Renfrew residents are being encouraged to join Renfrewshire’s Provost Lorraine Cameron as she carries out the traditional act of casting the nets to maintain Renfrew’s fishing rights on the River Clyde.
Taking place in the afternoon of Friday 18th August, Provost Cameron will travel out on to the river by boat to cast the nets.
Guests will then join Renfrewshire’s civic head at Renfrew Town Hall to learn more about the river and view the premiere of a specially commissioned film covering the history of salmon fishing on the Clyde, created by local filmmaker Paul Russell.
Provost Cameron said: “The symbolic act of casting the nets is a tradition that dates back hundreds of years and it’s important that we continue to keep it alive.
“Three years ago we were limited in what we could do to mark the occasion and I’m delighted that this year we are once again able to open the event up to the local community.
“There are only a limited amount of spaces available so, if you’re a resident of Renfrew, make sure you don’t miss out and are able to celebrate this unique part of the town’s history.”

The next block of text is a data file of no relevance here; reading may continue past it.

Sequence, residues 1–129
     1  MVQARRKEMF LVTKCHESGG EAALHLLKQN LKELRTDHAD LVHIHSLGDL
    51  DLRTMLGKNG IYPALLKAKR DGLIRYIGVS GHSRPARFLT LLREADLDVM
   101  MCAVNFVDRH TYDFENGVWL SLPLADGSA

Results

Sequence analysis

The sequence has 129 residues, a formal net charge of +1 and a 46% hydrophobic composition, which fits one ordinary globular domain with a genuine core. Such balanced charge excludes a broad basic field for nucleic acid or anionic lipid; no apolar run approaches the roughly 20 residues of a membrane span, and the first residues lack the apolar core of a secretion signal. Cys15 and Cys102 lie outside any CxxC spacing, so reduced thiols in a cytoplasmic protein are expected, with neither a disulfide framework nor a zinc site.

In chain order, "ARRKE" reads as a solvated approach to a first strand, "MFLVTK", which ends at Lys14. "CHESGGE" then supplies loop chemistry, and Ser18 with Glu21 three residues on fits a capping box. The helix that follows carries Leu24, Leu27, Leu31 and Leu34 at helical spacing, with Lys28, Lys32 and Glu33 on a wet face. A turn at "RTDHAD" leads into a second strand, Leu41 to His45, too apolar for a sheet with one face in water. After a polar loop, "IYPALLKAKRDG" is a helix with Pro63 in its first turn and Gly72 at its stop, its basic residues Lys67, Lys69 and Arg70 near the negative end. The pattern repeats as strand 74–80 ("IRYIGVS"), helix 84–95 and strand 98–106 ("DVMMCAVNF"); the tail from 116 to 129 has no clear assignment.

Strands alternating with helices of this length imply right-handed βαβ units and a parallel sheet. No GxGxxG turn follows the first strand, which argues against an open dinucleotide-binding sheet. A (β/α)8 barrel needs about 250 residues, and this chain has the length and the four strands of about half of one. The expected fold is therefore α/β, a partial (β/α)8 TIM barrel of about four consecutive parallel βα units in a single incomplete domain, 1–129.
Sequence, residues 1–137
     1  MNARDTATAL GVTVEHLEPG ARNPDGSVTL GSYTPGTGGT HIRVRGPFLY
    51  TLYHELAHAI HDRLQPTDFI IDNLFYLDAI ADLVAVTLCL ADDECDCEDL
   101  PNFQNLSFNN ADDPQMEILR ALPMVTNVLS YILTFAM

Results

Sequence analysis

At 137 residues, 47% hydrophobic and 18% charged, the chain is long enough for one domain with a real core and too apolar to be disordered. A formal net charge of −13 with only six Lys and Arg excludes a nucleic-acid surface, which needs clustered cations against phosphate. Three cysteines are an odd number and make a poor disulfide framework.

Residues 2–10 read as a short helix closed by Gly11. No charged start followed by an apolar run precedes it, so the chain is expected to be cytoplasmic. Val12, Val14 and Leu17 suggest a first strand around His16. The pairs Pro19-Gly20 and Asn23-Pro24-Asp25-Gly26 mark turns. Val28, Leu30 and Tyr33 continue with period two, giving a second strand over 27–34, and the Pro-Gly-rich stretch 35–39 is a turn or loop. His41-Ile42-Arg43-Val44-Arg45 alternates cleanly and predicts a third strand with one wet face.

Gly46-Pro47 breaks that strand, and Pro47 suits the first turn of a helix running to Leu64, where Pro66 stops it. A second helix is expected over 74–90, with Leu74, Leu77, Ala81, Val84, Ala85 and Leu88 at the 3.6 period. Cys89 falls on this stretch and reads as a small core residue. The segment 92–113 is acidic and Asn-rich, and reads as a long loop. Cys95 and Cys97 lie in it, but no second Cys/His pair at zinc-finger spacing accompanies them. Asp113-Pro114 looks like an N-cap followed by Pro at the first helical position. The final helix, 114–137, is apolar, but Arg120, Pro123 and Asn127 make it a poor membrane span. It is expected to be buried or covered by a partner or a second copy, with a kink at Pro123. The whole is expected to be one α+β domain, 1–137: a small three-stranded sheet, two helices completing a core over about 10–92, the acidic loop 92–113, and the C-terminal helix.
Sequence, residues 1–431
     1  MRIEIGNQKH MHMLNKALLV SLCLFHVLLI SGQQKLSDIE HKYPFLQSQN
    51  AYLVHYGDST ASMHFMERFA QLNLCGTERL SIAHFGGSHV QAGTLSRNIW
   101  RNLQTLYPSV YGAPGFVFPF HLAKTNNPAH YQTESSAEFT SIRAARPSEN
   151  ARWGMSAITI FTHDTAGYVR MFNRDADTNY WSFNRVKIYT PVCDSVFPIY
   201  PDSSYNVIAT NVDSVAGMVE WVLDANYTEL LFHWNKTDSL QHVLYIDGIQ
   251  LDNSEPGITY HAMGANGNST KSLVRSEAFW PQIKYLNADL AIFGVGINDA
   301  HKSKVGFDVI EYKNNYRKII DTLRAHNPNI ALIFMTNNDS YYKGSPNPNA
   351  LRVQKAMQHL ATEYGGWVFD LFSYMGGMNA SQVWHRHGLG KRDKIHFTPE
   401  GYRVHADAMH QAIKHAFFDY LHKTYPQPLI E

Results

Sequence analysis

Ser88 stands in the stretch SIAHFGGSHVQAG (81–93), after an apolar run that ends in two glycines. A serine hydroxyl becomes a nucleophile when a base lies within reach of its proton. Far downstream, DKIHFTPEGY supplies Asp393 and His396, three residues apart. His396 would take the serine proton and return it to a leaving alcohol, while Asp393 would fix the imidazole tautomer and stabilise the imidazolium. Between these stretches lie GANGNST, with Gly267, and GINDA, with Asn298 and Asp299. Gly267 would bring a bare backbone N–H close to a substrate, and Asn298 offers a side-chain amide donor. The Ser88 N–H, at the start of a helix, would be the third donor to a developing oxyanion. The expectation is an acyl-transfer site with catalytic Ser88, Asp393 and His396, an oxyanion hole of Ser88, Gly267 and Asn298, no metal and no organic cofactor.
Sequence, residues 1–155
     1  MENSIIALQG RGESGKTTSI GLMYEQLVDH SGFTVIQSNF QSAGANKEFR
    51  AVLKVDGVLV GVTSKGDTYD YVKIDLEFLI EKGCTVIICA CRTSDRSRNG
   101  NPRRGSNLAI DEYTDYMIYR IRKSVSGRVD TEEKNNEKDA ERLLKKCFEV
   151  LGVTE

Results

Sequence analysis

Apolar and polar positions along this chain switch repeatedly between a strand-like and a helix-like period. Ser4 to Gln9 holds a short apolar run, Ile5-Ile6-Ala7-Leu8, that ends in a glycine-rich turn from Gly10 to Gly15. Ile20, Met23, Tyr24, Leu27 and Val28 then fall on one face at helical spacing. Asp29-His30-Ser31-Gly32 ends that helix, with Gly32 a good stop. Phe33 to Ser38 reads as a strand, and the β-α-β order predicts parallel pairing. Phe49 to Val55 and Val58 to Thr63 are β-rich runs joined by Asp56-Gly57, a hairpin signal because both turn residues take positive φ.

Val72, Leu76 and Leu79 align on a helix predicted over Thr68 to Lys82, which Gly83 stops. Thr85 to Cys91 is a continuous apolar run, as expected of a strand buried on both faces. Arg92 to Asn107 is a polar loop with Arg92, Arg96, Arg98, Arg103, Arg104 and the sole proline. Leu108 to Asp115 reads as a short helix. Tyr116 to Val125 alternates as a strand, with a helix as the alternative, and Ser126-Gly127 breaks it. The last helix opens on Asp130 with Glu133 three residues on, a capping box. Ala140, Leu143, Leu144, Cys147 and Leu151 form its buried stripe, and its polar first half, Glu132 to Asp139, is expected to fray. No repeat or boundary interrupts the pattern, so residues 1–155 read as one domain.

King Robert III granted a charter to the community of Renfrew detailing the right to fish the River Clyde as far back as 1396, with a subsequent charter, confirming the right to fish, granted by Queen Anne in 1703.
It has become practice to maintain the fishing rights by having the Provost cast the nets and haul them in every three years.
Tickets are limited to Renfrew residents only and can be applied for on a first come, first served basis via email at: email@example.com.
Headline photo: Renfrewshire’s Provost Lorraine Cameron, photographed back in 2020, casting the net alone during COVID-19 restrictions
Photo Credit: Renfrewshire Council